Choosing a Debt / Credit Counselor
Debt and/or credit counselors offer an important service to consumers
swamped with debt. Consumers who have a difficult time staying within
a budget may simply need a financial counselor's help to examine spending
habits and how to follow sound budget advice. Other consumers may have
suffered a major setback, such as a job loss, and need a debt-management
programs (DMP), which is a plan a financial counselor puts in place to
lower and eventually eliminate a consumer's debt. A reputable debt counselor
will carefully examine a consumer's debt situation and suggest the best
plan of action, but a caveat is in order.
All debt counselors are not created equal. The quality of counseling
services may vary considerably from one counselor to the next. Additionally,
the industry presently has no federal licensing requirements and only
17 states have laws regulating them (the Division of Financial Institutions oversees debt management services in Illinois.
People who have received unprofessional credit counseling services complain
- they owe more debt after
the counselor's services
- bankruptcy was the best
option for their financial situation, but they were steered into a debt-management
- the counseling agency did
not make sure creditor payments were sent within the billing cycle,
so consumers received late fees
- in some cases, the credit
counselor took consumer money but did not pay creditors at all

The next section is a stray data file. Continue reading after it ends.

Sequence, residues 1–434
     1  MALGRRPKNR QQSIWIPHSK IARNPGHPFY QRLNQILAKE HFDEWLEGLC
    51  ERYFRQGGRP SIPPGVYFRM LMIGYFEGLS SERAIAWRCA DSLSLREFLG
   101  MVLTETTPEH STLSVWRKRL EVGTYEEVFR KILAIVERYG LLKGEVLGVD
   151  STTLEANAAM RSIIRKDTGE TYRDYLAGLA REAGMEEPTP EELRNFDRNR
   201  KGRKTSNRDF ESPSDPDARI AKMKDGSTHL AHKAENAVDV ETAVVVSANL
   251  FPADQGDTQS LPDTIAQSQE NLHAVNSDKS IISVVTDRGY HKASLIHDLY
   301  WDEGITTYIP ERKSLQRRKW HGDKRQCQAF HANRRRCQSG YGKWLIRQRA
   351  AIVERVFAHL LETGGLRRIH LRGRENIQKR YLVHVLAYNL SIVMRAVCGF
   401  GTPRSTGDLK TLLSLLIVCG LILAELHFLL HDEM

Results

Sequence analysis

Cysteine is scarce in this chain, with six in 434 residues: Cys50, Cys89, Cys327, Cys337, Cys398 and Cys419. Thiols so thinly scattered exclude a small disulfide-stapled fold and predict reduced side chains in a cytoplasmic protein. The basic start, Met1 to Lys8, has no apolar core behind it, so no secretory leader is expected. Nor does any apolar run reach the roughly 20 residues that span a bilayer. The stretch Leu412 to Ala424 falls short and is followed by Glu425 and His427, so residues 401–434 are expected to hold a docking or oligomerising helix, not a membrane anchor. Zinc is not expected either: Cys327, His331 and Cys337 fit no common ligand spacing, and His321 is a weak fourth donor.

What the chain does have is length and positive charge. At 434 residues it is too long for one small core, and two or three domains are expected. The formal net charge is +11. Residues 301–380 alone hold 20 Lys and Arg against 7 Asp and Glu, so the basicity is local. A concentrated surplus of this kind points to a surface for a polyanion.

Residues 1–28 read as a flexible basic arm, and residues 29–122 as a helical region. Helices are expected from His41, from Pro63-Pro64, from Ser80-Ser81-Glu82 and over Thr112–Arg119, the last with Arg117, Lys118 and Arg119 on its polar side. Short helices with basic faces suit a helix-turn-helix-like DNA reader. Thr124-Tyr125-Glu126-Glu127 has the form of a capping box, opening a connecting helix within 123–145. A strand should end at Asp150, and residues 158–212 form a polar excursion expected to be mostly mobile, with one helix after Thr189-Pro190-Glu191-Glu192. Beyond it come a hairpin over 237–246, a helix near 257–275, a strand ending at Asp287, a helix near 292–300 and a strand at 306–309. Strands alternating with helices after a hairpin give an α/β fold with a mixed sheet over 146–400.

Consumers should also be aware that credit counseling agencies were set
up for the benefit of both consumers and the credit industry, so credit
counseling agencies can be properly viewed as a more friendly collection
agency. Creditors pay credit counselors a percentage of the money recovered
from consumers so there is a strong financial tie.
The system, nonetheless, benefits everyone when consumers are offered
sound advice and professional services to help them get out of debt. Bottom
line: a good credit counselor will help solve one's financial problems.
This is how to sort the professional agencies from the unprofessional
Do some homework
First, locate some of the nearest non-profit credit
The Department of Financial Institutions. Call 312-814-5145 (Chicago)
or 217-782-3704 (Springfield) or go to its web site here.
Locate the nearest member agency of the National Foundation for Credit
Counseling (NFCC) at http://www.debtadvice.org/takethefirststep/locator.html.
Locate the nearest member agency of the Association of Independent Consumer
Credit Counseling Agencies (AICCCA) at http://www.aiccca.org/find.html.
Second, check the complaint records of local non-profit
credit counselors to determine if you want their services.
Better Business Bureau
Call or go to its web site: www.bbb.org
Illinois Attorney General's Office
Call 1-800-386-5438 (Chicago) or 1-800-243-0618 (Springfield) or go to
its web site at http://www.ag.state.il.us/.
Good Questions to ask the Credit Counseling Agency before you
receive its services
- Will the agency refund fees
if the services received are not satisfactory?
- How much training do counselors
at the agency receive?
- Is the agency accredited
by a trade association such as the National Federation for Credit Counseling
(NFCC) or the Association of Independent Consumer Credit Counseling
- Does the agency have an
independent board of directors?
- Does the agency keep clients
funds in a trust account, separate from its operating funds?
- How long has the agency
been doing business in this area?
- What types of services
does the agency offer?
- How long will it take to
complete a debt-management program (DMP)?
- What effect will working
with a counselor have on my credit rating?
- Are agency services confidential?
The two largest Credit Counseling Trade Associations
The National Foundation for Credit Counseling (NFCC).
Association of Independent Consumer Credit Counseling Agencies (AICCCA).